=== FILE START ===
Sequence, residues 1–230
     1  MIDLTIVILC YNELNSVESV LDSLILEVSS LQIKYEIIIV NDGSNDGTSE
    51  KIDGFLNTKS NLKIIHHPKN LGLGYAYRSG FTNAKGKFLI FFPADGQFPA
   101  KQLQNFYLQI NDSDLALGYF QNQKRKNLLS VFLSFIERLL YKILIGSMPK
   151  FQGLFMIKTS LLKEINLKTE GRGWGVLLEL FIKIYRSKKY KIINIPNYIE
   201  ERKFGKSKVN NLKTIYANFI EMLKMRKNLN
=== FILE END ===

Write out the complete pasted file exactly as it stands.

Sequence, residues 1–230
     1  MIDLTIVILC YNELNSVESV LDSLILEVSS LQIKYEIIIV NDGSNDGTSE
    51  KIDGFLNTKS NLKIIHHPKN LGLGYAYRSG FTNAKGKFLI FFPADGQFPA
   101  KQLQNFYLQI NDSDLALGYF QNQKRKNLLS VFLSFIERLL YKILIGSMPK
   151  FQGLFMIKTS LLKEINLKTE GRGWGVLLEL FIKIYRSKKY KIINIPNYIE
   201  ERKFGKSKVN NLKTIYANFI EMLKMRKNLN